Millions of Americans face insurmountable, overwhelming debt. For some, it can take years or even decades of hard work and sacrifice to climb out of the debt spiral they found themselves in. For others, though, the black hole of debt will never let them escape.
Regardless of your circumstances, you shouldn’t despair about your debt challenges. You also shouldn’t force yourself into hardship for any longer than necessary. That’s why you should consider taking a serious look at whether personal bankruptcy is right for you. Pursuing bankruptcy protection may stop foreclosure of your home and repossession of your vehicle, and it might help you eliminate significant amounts of debt so that you can reclaim your financial future.
But the process isn’t automatic. You’ll have to be proactive in seeking the help that you need and want. But as you move forward with the bankruptcy process, you should avoid some of the biggest mistakes seen in these cases.
The biggest bankruptcy mistakes to avoid
There are several missteps that you can make along the way. Here are some of the biggest that you’ll want to avoid if you want to protect your ability to secure a fresh financial start:
- Filing under the wrong Chapter: There are several types of bankruptcy that you can seek in your individual capacity. This includes Chapter 7 and Chapter 13. While each of these can provide debt relief, they are very different. For example, Chapter 7 bankruptcy will require you to sell off many of your assets to repay your creditors as much as possible, whereas Chapter 13 bankruptcy may allow you to keep your assets but is more expensive and takes longer to complete. You need to make sure that you choose the bankruptcy path that’s right for you.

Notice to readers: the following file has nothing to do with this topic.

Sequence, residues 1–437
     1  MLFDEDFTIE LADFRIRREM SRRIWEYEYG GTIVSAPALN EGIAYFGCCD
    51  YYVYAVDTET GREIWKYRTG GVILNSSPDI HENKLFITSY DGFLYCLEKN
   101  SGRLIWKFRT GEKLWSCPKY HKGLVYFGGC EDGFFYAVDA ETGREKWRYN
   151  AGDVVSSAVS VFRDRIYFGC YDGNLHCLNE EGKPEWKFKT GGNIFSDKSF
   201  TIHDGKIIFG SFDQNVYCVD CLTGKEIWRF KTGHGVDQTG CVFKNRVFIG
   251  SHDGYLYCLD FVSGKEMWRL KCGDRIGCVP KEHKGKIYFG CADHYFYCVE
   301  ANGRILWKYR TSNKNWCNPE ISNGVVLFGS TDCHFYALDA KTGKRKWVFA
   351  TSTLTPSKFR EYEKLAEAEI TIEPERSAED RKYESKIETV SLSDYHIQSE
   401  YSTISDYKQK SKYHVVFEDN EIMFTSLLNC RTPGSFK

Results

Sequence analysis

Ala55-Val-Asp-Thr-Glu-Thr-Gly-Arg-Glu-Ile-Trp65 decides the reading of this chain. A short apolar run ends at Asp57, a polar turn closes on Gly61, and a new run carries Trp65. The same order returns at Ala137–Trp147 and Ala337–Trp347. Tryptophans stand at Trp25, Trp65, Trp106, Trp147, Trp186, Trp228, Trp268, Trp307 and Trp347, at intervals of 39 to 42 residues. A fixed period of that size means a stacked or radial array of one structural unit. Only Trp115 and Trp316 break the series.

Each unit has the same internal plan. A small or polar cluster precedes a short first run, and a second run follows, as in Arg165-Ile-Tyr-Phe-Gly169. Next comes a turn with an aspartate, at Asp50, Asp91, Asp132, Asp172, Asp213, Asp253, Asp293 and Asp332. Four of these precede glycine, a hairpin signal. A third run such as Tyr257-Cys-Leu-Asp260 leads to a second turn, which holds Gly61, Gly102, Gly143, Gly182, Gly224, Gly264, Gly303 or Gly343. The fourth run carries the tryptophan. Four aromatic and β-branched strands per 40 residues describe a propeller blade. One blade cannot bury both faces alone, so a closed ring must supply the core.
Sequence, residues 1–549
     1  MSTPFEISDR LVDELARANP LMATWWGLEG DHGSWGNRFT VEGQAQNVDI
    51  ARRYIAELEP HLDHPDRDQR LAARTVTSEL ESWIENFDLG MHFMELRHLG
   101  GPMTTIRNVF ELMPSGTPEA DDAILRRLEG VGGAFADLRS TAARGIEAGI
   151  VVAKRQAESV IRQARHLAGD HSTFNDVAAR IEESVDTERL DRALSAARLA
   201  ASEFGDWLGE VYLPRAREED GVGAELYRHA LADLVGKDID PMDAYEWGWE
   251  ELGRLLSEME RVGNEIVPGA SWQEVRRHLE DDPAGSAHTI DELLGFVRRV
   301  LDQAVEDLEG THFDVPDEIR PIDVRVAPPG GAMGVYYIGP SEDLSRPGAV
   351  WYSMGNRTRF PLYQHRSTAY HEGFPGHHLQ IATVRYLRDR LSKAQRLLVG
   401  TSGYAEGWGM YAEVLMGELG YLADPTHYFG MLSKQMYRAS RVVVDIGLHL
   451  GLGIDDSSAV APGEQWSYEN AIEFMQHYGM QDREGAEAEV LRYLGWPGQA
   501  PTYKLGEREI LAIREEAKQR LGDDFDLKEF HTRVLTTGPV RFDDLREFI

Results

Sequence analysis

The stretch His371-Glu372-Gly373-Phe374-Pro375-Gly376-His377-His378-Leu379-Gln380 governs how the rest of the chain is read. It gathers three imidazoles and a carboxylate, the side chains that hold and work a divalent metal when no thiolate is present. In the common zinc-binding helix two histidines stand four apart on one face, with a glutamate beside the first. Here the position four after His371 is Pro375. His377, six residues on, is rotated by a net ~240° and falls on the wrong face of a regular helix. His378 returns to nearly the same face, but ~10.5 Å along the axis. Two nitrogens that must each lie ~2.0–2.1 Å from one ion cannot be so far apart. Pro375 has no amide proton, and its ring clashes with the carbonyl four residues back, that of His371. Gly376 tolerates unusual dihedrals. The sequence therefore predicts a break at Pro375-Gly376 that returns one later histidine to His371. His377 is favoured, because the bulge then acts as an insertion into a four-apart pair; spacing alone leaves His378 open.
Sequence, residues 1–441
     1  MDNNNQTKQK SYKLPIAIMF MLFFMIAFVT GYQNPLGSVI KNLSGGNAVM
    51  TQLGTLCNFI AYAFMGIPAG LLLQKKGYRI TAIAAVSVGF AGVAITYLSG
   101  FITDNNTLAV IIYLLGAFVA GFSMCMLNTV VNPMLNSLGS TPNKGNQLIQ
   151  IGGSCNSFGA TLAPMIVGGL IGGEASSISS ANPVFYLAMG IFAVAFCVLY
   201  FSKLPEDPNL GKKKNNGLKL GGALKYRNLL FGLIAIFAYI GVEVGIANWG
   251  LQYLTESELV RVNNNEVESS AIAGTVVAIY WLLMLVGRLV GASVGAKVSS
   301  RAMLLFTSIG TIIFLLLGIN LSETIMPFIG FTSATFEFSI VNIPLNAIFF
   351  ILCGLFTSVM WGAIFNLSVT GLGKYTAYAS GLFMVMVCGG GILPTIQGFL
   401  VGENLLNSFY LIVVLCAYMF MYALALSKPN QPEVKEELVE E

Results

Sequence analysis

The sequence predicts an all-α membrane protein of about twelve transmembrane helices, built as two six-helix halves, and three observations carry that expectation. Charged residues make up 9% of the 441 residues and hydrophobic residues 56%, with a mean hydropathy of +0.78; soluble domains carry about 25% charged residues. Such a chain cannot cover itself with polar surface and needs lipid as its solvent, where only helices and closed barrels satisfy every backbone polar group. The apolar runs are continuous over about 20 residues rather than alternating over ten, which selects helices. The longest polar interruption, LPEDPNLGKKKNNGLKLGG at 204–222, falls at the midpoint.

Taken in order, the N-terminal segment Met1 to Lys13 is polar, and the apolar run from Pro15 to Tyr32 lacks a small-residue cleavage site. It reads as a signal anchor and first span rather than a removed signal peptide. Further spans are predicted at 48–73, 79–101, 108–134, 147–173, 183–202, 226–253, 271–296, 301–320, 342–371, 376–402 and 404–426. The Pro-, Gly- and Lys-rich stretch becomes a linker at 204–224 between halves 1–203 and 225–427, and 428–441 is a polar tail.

- Waiting too long: A lot of people think that bankruptcy is a sign of failure and that pushing just a little bit harder will get them back on solid financial footing. Sadly, though, for many Americans this simply isn’t possible. And the time that they waste trying to fend off the thought of bankruptcy can cost them a lot of money that they otherwise might be able to keep after completing the bankruptcy process. So, if you’re facing overwhelming debt, then you should think about seeking bankruptcy relief sooner rather than later.
- Falling victim to bankruptcy myths: There are a lot of misconceptions about bankruptcy. This includes how bankruptcy will impact your credit and be viewed in society. Make sure you have a full understanding of what bankruptcy means for you, as you might find that the long-term impact is far less severe than you fear.
- Taking on debt after filing for bankruptcy: Once you start the bankruptcy process, you should refrain from accumulating new debt. If you do take on new debt it may be viewed as borrowing money with no intent to pay it back. This very well could be against the law, and it’s going to paint you in a bad light in your bankruptcy case.